The Sydney Opera House is one of the most iconic buildings in the world. A momentous achievement in design and engineering, the building quickly cemented itself as a defining feature of the Australian cultural landscape. But the realization of the building was not a straightforward one, and almost immediately after the project was awarded it became fraught with controversy and uncertainty. At the center of this controversy was the architect, Jørn Utzon, who eventually resigned after mounting conflict with the state government. Now, this period of Utzon's life will be chronicled in a new feature length film, Utzon, The Man Behind the Opera House, reports The Guardian.
Utzon, a relatively unknown architect at the time, agitated the conventional Australian architectural climate with his radical competition-winning design for the Opera House in 1956. The dynamic nature of the proposal required innumerable iterations to perfect the structure of the soaring "sails," and tight deadlines saw construction begin before documentation was complete. As the construction process wore on, more problems arose, and Utzon's relationship with the financing state government began to sour.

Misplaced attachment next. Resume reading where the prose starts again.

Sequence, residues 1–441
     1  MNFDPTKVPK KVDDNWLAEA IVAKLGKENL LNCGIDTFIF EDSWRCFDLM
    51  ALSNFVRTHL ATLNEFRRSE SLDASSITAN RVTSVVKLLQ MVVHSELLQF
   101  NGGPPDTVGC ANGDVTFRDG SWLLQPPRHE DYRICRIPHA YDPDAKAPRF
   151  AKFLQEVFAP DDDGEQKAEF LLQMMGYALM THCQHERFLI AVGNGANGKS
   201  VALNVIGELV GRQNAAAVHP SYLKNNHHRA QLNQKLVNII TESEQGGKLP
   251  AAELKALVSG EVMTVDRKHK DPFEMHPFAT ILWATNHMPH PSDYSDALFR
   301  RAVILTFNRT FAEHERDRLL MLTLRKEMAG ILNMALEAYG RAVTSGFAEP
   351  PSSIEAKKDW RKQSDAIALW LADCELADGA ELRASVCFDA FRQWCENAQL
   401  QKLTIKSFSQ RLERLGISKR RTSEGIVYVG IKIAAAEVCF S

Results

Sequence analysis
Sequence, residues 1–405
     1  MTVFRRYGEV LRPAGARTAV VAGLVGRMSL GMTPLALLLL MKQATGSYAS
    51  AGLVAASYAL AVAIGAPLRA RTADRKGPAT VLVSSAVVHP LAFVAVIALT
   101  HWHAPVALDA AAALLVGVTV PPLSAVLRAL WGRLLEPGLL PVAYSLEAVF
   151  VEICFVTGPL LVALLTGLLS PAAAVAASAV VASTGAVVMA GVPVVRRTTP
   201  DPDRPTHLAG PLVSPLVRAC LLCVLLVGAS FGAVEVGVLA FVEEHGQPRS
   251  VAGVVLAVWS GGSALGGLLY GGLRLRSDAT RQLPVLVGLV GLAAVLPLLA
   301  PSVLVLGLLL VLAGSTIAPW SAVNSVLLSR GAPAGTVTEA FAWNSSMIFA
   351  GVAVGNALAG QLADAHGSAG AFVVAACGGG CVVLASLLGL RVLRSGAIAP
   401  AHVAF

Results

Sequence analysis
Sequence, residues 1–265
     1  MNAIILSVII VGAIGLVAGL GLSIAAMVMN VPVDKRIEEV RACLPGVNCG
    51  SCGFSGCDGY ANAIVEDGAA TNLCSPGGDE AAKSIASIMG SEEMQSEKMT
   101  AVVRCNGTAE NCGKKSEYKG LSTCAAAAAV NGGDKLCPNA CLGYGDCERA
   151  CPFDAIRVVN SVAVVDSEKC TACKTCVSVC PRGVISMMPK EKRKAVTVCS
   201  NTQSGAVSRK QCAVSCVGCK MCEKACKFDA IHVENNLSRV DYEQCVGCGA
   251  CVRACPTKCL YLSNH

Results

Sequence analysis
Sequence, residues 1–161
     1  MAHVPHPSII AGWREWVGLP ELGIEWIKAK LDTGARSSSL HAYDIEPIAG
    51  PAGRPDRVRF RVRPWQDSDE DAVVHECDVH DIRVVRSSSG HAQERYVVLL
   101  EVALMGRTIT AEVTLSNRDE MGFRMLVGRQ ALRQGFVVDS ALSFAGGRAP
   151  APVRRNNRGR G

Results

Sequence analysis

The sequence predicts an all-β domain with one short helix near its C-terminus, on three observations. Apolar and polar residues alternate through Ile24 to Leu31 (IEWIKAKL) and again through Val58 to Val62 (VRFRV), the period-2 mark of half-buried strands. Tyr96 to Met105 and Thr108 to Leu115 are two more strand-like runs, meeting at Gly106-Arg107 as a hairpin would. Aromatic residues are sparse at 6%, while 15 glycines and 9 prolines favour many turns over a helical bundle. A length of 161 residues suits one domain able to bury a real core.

His mounting ostracization eventually hit breaking point in 1965 when newly appointment state premier Robin Askin began to openly blame Utzon for the issues. Utzon resigned in 1966, returning to Denmark and washing his hands of the project. The Guardian reported that the film's producers believe this story holds the right amount of drama for a feature film, with the film's screenwriter, Petter Skavlan, proclaiming that the “epic battle between the architect and the corrupt Askin government is perfect movie material."
Utzon returned to the project decades later, working on additions and redesigns before his death in 2008. However, he never returned to Australia, and never witnessed his monumental design in person. Despite the Order of Australia Medal being awarded to him in 1985 and the Pritzker Prize in 2003, the trials of the process stayed with Utzon until he died.
It is this dramatic process without resolution that the film's creators were so drawn to. The film's producer, Jan Marnell said: “We have a world wonder. We have its creator – who wasn’t allowed to see his dream fulfilled. We have creativity versus bureaucracy and political manoeuvring ranging from friend to foe. We have an outstanding architect with streaks of megalomania and genius, and his vengeful opponents who plot to get him out of the country. What do they want? In the end, they want to take back what they believe should have been theirs in the first place.”
News via The Guardian.
From the architect. There are few buildings as famous as the Sydney Opera House in Sydney, Australia. Arguably considered the eighth wonder of the world, the opera house has a long history behind its design.